Blind eye

There is a strong suspicion that the DCMS is turning a blind eye to the closure of libraries in some of the UK's most deprived communities.

Sue Charteris, in her often-quoted report on the Wirral Inquiry, made it very clear that special considerations must apply if closure of branches in deprived areas is contemplated.  Ed Vaizey, when in opposition, described proposals to close libraries in areas of deprivation in the Wirral as "cost-driven vandalism".

Alas, such speechifying has been of no assistance to the residents of Bolton where five libraries, all located in or serving deprived areas, have been closed. Similarly, it will not help residents who rely on the six libraries currently under threat in Manchester, nor those now campaigning to save their libraries in Herefordshire.

While Arts Council England and the Society of Chief Librarians mutter that it is not their responsibility when such libraries are closed, it is clear that a few chief librarians are increasingly alarmed and frustrated at the failure of any organisation to show leadership.  These bodies highlight the opening of a handful of shiny, central libraries—but fail to acknowledge the devastation caused to deprived and rural areas. The rural county of Herefordshire, for example, has even proposed closing all public libraries but one! 

The Local Government Association and some councils blame the need to close libraries on Government cuts. However, they, too, ignore the unintended consequences of closures in deprived or rural areas where, although usage may be lower, the need is greater—not least for toddler groups and homework clubs, mobile services, home delivery to the housebound and access to the Internet.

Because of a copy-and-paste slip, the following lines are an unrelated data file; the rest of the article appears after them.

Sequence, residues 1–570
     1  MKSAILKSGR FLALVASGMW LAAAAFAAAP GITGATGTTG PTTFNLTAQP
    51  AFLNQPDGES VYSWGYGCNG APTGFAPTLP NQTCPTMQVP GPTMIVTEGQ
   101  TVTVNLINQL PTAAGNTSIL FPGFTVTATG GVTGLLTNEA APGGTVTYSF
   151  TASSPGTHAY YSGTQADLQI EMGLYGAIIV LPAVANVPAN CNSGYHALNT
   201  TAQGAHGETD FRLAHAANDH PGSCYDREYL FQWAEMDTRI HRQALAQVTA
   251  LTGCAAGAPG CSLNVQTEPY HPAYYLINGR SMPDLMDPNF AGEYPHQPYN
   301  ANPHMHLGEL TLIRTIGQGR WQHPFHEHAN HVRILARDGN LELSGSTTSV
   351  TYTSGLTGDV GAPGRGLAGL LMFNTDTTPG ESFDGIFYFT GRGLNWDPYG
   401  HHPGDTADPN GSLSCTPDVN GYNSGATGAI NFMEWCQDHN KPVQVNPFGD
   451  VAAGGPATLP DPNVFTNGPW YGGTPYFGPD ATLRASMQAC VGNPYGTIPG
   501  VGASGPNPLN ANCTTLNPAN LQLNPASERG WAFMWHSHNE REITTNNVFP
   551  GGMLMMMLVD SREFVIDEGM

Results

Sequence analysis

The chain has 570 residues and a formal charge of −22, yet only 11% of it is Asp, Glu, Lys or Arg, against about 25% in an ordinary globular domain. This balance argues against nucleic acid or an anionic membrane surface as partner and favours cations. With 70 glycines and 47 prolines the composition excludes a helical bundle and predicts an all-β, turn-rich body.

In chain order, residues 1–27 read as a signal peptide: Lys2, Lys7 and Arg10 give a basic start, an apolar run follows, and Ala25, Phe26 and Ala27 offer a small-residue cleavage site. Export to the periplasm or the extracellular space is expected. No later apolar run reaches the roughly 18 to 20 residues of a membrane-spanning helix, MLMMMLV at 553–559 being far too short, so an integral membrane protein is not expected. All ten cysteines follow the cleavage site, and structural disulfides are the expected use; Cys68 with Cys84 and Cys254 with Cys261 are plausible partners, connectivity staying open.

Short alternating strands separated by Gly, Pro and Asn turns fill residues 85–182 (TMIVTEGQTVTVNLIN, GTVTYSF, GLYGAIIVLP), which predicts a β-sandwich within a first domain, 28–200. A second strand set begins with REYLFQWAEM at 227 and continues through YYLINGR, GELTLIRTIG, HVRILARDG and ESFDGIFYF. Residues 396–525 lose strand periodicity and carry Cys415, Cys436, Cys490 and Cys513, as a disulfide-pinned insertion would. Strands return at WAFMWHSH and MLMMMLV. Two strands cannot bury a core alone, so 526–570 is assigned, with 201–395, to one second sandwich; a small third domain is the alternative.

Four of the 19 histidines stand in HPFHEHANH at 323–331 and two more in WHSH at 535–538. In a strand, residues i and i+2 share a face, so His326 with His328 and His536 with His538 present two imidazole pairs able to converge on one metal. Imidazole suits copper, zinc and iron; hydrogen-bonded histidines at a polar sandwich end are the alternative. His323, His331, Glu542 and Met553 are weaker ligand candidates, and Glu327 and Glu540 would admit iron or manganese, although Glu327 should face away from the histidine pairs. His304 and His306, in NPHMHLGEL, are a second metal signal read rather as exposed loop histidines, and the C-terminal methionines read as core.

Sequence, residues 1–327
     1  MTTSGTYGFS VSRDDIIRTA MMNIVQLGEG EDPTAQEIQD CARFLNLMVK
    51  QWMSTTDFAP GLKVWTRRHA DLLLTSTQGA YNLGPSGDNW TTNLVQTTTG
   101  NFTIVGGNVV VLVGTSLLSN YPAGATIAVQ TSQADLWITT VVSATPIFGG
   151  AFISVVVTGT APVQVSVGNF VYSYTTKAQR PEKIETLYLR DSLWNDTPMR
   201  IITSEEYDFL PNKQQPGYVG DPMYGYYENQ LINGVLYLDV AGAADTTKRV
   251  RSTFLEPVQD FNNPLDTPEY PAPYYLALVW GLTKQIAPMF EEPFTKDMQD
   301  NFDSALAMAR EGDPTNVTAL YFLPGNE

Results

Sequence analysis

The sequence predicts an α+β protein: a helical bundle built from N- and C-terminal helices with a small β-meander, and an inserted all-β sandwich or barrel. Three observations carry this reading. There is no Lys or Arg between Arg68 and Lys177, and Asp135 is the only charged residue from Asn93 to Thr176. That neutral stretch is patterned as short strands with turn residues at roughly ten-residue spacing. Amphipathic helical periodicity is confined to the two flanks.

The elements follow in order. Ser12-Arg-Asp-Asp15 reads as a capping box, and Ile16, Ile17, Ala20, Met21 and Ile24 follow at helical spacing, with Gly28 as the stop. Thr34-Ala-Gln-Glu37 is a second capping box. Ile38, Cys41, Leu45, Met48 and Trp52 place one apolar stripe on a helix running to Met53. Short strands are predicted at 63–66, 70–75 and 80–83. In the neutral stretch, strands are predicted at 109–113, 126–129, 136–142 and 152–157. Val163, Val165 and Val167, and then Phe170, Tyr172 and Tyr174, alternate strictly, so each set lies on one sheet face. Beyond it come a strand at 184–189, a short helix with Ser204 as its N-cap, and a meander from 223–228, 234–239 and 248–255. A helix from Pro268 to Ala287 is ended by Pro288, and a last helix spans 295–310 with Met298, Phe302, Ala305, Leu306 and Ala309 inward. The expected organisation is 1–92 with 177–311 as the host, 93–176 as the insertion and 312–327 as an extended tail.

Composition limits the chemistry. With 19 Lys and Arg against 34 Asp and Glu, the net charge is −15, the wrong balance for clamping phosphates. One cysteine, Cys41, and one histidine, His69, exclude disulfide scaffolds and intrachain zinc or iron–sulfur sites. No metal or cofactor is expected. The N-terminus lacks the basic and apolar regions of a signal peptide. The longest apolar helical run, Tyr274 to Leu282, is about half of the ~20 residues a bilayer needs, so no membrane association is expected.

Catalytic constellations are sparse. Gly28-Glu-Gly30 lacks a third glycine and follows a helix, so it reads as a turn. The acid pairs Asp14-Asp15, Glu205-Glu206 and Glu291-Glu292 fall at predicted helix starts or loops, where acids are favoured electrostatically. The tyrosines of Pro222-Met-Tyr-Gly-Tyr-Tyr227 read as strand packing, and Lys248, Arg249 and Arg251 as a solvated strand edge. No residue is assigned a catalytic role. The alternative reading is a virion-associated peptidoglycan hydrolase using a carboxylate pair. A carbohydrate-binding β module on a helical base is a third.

Is there any evidence that those in the DCMS lose a wink of sleep about library closures in seriously deprived areas?  They sat on the sidelines as Gloucestershire, Somerset and Surrey residents sought and won their own judicial reviews. These campaign groups had taken the advice of the Arts Council to "look to the future"—advice which underpinned their determination to fight for a proper library service in their communities. Residents were not willing to accept that access to public libraries should become a postcode lottery.

At the recent SCL "stakeholders" meeting there was a plea for the minister and the heads of the professional bodies to stand up and send a clear and powerful message about the importance and value of public libraries to support literacy, reading, education and the acquisition of information and knowledge. That message should be loudest on behalf of the most deprived communities.